Some coronavirus test kits shipped to states are not working as expected, the CDC says

CDC's laboratory test kit for the 2019 novel coronavirus. CDC is shipping the test kits to laboratories CDC has designated as qualified, including U.S. state and local public health laboratories, Department of Defense laboratories and select international laboratories.

Some of the coronavirus test kits shipped to labs across the country are not working as they should, the US Centers for Disease Control and Prevention said.

As a result, the CDC is remaking parts of the test kits after some produced inconclusive test results.

The kits were sent to the states to speed up the testing process, the CDC's Nancy Messonnier told reporters Wednesday. The states found out the flaw during the verification process. For quality control, when states get any test kit, they first verify that it works.

"When some states were doing this, we received feedback that they weren't -- that it wasn't working as expected, specifically some public health labs at states were getting inconclusive results and what that means is that test results were not coming back as false positive or false negatives, but they were being read as inconclusive," Messonnier said.

Some states notified the CDC that they were unable to validate the test, and the agency is remanufacturing a reagent used in the test that's not performing consistently.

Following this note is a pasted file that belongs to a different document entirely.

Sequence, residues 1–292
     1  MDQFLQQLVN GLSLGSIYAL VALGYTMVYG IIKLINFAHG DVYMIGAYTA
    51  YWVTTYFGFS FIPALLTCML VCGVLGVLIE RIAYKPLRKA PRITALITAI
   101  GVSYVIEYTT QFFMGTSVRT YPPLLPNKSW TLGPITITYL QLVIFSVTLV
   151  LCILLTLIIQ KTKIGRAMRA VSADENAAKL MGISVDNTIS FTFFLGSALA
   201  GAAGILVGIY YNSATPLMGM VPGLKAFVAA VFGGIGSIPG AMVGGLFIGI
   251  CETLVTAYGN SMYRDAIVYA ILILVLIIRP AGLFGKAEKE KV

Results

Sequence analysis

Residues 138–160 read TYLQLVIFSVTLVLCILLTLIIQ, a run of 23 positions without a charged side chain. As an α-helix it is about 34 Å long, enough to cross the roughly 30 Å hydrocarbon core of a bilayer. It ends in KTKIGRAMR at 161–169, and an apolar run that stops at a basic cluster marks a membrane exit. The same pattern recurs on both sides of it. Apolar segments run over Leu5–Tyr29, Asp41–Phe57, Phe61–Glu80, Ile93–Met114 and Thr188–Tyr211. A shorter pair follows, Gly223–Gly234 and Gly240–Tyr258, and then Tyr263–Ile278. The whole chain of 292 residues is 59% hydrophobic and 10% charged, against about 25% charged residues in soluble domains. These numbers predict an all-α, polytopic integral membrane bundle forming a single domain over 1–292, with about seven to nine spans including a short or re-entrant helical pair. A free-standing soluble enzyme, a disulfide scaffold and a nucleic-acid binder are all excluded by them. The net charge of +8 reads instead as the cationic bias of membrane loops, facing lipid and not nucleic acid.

Not all states have been affected. The Illinois Department of Public Health said it has not had any issues with the kits and it's continuing with its testing for the coronavirus.

State labs that have been successful in verifying that the kit works can continue with the testing. Those that haven't been successful have to wait for the CDC to ship out the replacement components. The CDC did not confirm how many states were affected or when they'll receive the replacement components.

"We have multiple levels of quality control to detect issues just like this one," Messonnier said. "We're looking into all of these issues to understand what went wrong, and to prevent these same things from happening in the future."

Since it was part of the verification process, the tests were not on actual clinical specimens from potential patients, she said.

There have been 14 confirmed cases of coronavirus in the United States, with the latest one reported among US evacuees at a base in San Diego County in Southern California.

The patient is among a group under a federal quarantine order after returning on a State Department-chartered flight from the epicenter of the coronavirus in Wuhan, China. The flight arrived at Marine Corps Air Station Miramar on February 7.

More than 1,300 people have died from the virus and over 60,000 have been infected -- the vast majority in mainland China.

The World Health Organization and the United States have declared the outbreak a public health emergency.

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